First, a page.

The order is appealable to this court under 28 U.S.C. § 1292(a)(1) (1982). The grant or denial of a motion for a preliminary injunction is within the discretion of the district court, and the order of the district court will be reversed only if the court relied on an erroneous legal premise or otherwise abused its discretion. Chalk v. United States, 840 F.2d 701, 704 (9th Cir.1988). Questions of law underlying a preliminary injunction motion are reviewed de novo. Guam Fresh v. Ada, 849 F.2d 436, 437 (9th Cir.1988).
Seeno argued in the trial court, and again on this appeal, that California law and insurance industry practice require insurance carriers to segregate their coverage investigations from their liability claims handling. This duty, Seeno argues, arises from a fiduciary duty between an insurer and insured like that between an attorney and client, whereby the insurer must preserve and promote the insured's interests above its own and avoid even the appearance of impropriety. Thus, Seeno asserts, where the carrier reserves its right to assert a coverage defense, it must use different people on the liability side and the coverage side, without exchange of information between them. This court concludes that California law is to the contrary.
The cases relied on by Seeno as mandating file segregation do mention insurers' segregating files. See Executive Aviation, Inc. v. National Ins. Underwriters, 16 Cal.App.3d 799, 810, 94 Cal.Rptr. 347, 354 (1971) (practice of segregation unusual); Travelers Insurance Co. v. Lesher, 187 Cal.App.3d 169, 183, 231 Cal.Rptr. 791 (1986) (insurance company tried and failed to keep declaratory judgment separate from underlying action), Betts v. Allstate Ins. Co., 154 Cal.App.3d 688, 709, 201 Cal.Rptr. 528 (1984) (both parties involved in accident were insured by the same carrier, commingling of information not permitted). However, as the court below correctly observed, none of these cases, or any other California cases, requires the separation of files.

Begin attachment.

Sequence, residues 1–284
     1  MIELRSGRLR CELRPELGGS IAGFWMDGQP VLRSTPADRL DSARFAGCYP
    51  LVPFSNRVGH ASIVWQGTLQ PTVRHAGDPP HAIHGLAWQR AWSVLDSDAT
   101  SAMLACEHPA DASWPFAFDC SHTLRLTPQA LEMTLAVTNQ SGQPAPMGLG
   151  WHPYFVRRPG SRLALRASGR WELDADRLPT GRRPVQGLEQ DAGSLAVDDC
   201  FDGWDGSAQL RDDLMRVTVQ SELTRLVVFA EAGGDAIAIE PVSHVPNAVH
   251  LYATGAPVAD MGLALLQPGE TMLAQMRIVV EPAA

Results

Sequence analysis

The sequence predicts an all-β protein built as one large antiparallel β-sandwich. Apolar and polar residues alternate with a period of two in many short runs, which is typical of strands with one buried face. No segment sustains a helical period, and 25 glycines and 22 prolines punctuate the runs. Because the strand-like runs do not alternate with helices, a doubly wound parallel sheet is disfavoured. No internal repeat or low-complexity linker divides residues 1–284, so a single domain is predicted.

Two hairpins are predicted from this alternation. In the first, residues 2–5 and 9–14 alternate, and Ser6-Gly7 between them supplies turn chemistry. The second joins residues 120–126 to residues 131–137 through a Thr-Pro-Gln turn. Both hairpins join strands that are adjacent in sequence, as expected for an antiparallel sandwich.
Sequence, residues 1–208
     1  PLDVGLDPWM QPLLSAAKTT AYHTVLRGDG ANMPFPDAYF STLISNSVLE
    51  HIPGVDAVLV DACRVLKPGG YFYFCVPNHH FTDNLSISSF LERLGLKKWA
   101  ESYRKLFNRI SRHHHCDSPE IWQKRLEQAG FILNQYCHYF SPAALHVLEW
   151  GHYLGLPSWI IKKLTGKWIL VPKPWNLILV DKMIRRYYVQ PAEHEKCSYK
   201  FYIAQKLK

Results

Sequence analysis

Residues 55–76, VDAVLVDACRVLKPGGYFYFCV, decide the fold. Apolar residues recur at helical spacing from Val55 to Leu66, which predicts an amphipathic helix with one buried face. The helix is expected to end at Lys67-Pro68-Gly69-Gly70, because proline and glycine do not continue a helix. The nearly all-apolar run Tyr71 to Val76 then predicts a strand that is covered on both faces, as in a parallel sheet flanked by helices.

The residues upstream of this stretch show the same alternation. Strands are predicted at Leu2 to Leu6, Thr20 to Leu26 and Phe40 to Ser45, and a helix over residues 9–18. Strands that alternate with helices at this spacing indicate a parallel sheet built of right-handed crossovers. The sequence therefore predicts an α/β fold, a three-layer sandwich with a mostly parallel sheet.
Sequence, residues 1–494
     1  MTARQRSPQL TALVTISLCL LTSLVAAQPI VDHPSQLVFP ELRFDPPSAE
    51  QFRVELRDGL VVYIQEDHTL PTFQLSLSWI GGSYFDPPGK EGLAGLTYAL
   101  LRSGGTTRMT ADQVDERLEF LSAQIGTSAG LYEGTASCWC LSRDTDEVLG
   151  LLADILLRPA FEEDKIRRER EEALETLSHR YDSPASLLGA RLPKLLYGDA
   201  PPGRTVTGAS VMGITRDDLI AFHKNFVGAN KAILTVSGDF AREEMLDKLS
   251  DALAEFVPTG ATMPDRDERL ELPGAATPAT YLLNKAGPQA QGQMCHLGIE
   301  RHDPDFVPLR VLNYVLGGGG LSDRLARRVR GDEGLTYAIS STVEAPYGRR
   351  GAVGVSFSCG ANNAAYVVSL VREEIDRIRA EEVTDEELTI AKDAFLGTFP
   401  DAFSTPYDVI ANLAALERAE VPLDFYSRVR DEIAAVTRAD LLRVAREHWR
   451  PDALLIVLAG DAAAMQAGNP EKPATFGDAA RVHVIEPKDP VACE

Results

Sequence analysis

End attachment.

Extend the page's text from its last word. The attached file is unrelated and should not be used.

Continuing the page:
The ethical conflict that arises when an insurance attorney represents an insured, but coverage is denied, was dealt with in the landmark case of San Diego Navy Federal Credit Union v. Cumis Insurance Society, 162 Cal.App.3d 358, 208 Cal.Rptr. 494 (1984). In 1987, the California legislature codified Cumis in Cal.Civ.Code § 2860 (West 1988), providing for appointment of separate counsel to represent the insured, at the expense of the insurance carrier, in a conflict situation. Seeno's position here is contrary to the statute, which does not impose a duty to segregate and affirmatively requires disclosure to the insurance carrier of all unprivileged information relevant to the coverage dispute. Cal.Civ.Code § 2860(d).
Although there was no California case authority specifically against Seeno's position at the time of the hearing below, it has come down in the meantime. In late 1989, a California appellate court commented under similar circumstances that the fiduciary-like relation between insured and insurer does not mandate segregation of files. State Farm Fire & Casualty Co. v. Superior Court (Durant), 216 Cal.App.3d 1222, 265 Cal.Rptr. 372 (1989). In State Farm, plaintiffs sued for "bad faith" torts and contract breaches for their insurer's failure to adequately defend after accepting the insured's defense under a reservation of rights. The insurer provided Cumis counsel and retained other counsel for the declaratory relief action contesting coverage. The insurer also assigned an adjustor who dealt with the insured's counsel, although the adjustor continuously advised that he believed no coverage was available under the policy. This adjustor also was the agent who dealt with the coverage counsel, served in a dual capacity, and maintained only one file. Id. at 1225, 265 Cal.Rptr. at 373.